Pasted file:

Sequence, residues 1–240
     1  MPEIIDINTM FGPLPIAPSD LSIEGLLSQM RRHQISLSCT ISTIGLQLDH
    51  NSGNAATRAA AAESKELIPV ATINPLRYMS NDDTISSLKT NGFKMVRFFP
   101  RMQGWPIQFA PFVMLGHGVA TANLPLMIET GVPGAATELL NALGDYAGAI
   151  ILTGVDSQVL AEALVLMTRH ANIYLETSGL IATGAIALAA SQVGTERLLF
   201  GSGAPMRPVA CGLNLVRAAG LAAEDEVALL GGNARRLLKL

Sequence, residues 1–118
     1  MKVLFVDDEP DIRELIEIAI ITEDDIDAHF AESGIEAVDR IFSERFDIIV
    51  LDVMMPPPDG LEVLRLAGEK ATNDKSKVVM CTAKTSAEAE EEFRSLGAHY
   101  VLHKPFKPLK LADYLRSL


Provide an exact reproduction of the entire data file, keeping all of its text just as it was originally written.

Sequence, residues 1–240
     1  MPEIIDINTM FGPLPIAPSD LSIEGLLSQM RRHQISLSCT ISTIGLQLDH
    51  NSGNAATRAA AAESKELIPV ATINPLRYMS NDDTISSLKT NGFKMVRFFP
   101  RMQGWPIQFA PFVMLGHGVA TANLPLMIET GVPGAATELL NALGDYAGAI
   151  ILTGVDSQVL AEALVLMTRH ANIYLETSGL IATGAIALAA SQVGTERLLF
   201  GSGAPMRPVA CGLNLVRAAG LAAEDEVALL GGNARRLLKL

Sequence, residues 1–118
     1  MKVLFVDDEP DIRELIEIAI ITEDDIDAHF AESGIEAVDR IFSERFDIIV
    51  LDVMMPPPDG LEVLRLAGEK ATNDKSKVVM CTAKTSAEAE EEFRSLGAHY
   101  VLHKPFKPLK LADYLRSL